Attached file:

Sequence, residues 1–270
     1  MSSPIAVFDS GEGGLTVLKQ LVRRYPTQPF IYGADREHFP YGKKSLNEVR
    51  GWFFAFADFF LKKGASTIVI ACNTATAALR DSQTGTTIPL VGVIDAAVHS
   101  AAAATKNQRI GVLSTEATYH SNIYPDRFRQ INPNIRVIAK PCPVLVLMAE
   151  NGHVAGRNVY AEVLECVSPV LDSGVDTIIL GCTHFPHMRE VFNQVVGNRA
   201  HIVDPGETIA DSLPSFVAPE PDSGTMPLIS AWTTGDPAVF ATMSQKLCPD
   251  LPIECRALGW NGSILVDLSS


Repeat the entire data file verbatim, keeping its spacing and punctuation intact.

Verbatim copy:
Sequence, residues 1–270
     1  MSSPIAVFDS GEGGLTVLKQ LVRRYPTQPF IYGADREHFP YGKKSLNEVR
    51  GWFFAFADFF LKKGASTIVI ACNTATAALR DSQTGTTIPL VGVIDAAVHS
   101  AAAATKNQRI GVLSTEATYH SNIYPDRFRQ INPNIRVIAK PCPVLVLMAE
   151  NGHVAGRNVY AEVLECVSPV LDSGVDTIIL GCTHFPHMRE VFNQVVGNRA
   201  HIVDPGETIA DSLPSFVAPE PDSGTMPLIS AWTTGDPAVF ATMSQKLCPD
   251  LPIECRALGW NGSILVDLSS